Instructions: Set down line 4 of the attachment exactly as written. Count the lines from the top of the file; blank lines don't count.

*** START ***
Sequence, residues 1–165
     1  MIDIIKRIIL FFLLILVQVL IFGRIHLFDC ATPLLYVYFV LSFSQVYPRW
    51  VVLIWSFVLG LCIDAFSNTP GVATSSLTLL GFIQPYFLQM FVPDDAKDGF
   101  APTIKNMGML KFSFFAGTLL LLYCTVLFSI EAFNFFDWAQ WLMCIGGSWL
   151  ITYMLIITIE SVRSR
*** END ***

   101  APTIKNMGML KFSFFAGTLL LLYCTVLFSI EAFNFFDWAQ WLMCIGGSWL